All of the marketing applications are built around the dealer/customer relationship, and many components are designed to support the individual dealer's efforts. Other than the traditional media tactics, such as print, radio, PR and direct marketing, Mycogen is using a variety of dealer communication vehicles to deliver both internal and external messages.

For example, dealers can utilize a Web site to create customized sell sheets. The dealer chooses between different templates, featuring information about various products, articles and visuals, which can be selected to create a unique sell sheet in a PDF format that is e-mailed or printed for the customer.

The company's direct marketing approach is geared to the customer and dealer. Cannon says he hopes the direct marketing efforts achieve customer retention by allowing them to work one-on-one with dealers. "When it comes to direct efforts, we are completely focused on customer retention and further penetration."

The targeted mailings are synchronized with peak times that dealers are making calls upon their customers, which is just one example of the company's focused efforts in direct/relationship marketing.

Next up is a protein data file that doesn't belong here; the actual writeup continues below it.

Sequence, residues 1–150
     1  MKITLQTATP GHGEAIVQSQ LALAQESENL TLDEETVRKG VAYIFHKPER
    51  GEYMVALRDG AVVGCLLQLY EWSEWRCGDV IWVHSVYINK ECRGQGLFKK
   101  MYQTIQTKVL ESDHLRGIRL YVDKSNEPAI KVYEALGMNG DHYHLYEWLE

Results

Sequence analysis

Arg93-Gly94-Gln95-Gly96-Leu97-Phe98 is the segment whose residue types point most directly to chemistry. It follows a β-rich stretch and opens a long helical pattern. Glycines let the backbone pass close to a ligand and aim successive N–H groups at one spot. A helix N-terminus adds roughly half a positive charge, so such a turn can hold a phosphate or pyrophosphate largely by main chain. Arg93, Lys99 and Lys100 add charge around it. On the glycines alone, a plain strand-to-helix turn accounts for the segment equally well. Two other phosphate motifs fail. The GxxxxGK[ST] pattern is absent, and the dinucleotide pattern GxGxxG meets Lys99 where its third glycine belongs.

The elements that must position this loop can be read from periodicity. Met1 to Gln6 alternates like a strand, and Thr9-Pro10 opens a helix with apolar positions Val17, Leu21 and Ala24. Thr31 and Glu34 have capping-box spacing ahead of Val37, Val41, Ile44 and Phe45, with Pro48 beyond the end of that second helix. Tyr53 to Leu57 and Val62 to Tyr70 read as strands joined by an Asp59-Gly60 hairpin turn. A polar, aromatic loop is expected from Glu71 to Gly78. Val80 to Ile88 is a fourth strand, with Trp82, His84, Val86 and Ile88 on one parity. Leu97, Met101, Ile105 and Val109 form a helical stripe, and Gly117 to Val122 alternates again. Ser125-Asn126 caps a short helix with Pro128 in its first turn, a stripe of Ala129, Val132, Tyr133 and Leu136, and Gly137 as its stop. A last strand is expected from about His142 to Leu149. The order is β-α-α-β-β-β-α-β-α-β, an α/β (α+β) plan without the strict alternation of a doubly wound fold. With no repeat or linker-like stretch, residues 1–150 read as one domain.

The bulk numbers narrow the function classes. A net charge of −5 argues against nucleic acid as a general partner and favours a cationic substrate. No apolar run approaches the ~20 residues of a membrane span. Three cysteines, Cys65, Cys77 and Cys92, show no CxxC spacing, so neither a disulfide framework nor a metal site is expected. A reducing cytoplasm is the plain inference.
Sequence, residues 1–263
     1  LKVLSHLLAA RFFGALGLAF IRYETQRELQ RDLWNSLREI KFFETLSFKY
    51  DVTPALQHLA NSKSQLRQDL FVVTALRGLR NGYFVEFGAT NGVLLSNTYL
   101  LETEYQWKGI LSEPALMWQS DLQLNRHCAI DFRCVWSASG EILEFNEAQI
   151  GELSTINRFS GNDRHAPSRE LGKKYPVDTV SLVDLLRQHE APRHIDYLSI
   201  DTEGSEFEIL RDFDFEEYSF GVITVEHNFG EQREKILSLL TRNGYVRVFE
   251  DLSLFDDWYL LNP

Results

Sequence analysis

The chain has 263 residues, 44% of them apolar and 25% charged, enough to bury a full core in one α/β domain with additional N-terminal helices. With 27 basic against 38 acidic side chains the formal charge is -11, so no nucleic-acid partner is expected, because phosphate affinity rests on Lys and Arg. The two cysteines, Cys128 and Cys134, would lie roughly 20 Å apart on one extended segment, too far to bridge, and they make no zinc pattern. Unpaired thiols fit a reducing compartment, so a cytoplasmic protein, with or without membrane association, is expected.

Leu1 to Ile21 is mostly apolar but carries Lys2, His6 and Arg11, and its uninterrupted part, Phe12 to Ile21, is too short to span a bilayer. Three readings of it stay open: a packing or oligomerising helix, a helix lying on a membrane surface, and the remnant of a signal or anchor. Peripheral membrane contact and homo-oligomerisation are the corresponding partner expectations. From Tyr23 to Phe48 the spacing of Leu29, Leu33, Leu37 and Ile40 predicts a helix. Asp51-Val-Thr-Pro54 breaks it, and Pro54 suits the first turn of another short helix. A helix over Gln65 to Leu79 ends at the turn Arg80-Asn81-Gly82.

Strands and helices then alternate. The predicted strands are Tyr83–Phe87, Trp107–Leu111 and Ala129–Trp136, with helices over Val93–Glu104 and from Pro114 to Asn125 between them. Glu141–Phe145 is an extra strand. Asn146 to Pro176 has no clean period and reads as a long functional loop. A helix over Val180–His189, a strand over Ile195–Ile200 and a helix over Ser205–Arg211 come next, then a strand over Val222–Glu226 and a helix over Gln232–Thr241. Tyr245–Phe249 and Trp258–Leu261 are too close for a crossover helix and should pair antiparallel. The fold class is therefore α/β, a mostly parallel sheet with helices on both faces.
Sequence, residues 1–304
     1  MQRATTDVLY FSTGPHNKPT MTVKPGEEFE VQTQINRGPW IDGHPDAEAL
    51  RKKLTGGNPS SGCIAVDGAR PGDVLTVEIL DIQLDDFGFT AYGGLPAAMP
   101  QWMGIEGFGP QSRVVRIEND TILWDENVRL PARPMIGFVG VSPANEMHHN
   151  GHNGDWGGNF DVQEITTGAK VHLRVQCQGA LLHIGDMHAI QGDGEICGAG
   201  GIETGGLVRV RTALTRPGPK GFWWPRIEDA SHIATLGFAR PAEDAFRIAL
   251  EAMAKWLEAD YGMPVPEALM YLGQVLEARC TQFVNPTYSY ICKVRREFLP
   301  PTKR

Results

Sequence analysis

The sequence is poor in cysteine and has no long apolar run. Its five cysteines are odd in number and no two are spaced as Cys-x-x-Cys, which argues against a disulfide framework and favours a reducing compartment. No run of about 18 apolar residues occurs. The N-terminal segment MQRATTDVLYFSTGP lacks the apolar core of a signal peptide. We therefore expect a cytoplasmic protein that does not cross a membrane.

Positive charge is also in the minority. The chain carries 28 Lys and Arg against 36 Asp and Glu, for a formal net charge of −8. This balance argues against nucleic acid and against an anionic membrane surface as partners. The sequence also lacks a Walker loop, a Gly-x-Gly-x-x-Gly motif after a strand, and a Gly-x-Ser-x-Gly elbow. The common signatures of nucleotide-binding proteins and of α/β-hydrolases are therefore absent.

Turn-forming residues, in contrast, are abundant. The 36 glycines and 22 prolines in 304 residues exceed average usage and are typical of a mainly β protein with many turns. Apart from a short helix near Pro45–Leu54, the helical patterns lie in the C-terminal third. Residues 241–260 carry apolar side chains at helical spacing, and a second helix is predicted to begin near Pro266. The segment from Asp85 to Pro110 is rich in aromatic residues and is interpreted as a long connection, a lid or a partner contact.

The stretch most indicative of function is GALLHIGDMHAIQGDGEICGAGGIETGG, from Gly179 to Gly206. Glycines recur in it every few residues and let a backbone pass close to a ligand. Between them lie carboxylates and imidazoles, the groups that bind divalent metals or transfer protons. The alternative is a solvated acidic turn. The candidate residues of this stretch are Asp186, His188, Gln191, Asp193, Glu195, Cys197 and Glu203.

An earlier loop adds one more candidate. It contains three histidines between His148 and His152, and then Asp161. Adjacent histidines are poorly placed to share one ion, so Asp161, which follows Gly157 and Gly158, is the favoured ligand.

What do the dealers think of the campaign and support efforts? Clearly, they are excited to be recognized for the integral part that they play in the company. "The campaign has brought a lot of pride to the dealer force and helped to instill a sense of professionalism," Cannon says. "We really want to showcase a level of respect for our dealers."

Mycogen introduced the campaign to its dealers through a series of kick-off meetings and via its e-newsletter, which provided an electronic preview of the ads and other dealer support tools.

On the other side, customers have also taken notice and shown great understanding of the campaign concept. In post-testing, Cannon says producers recalled the key messages of the campaign word for word without being prompted.

"Those tested remembered the messages of excitement and people talking, which were major points represented in the ad campaign," Cannon says. "This shows an excellent level of understanding from our audience."

The move to featuring Mycogen people fits in nicely with the company's strong emphasis on new products. "All the information about our new products must be shared by our dealers, so establishing those dealer/customer relationships is really critical," says Cannon. "With 41 new products, it is an exciting challenge but also a great opportunity for the company."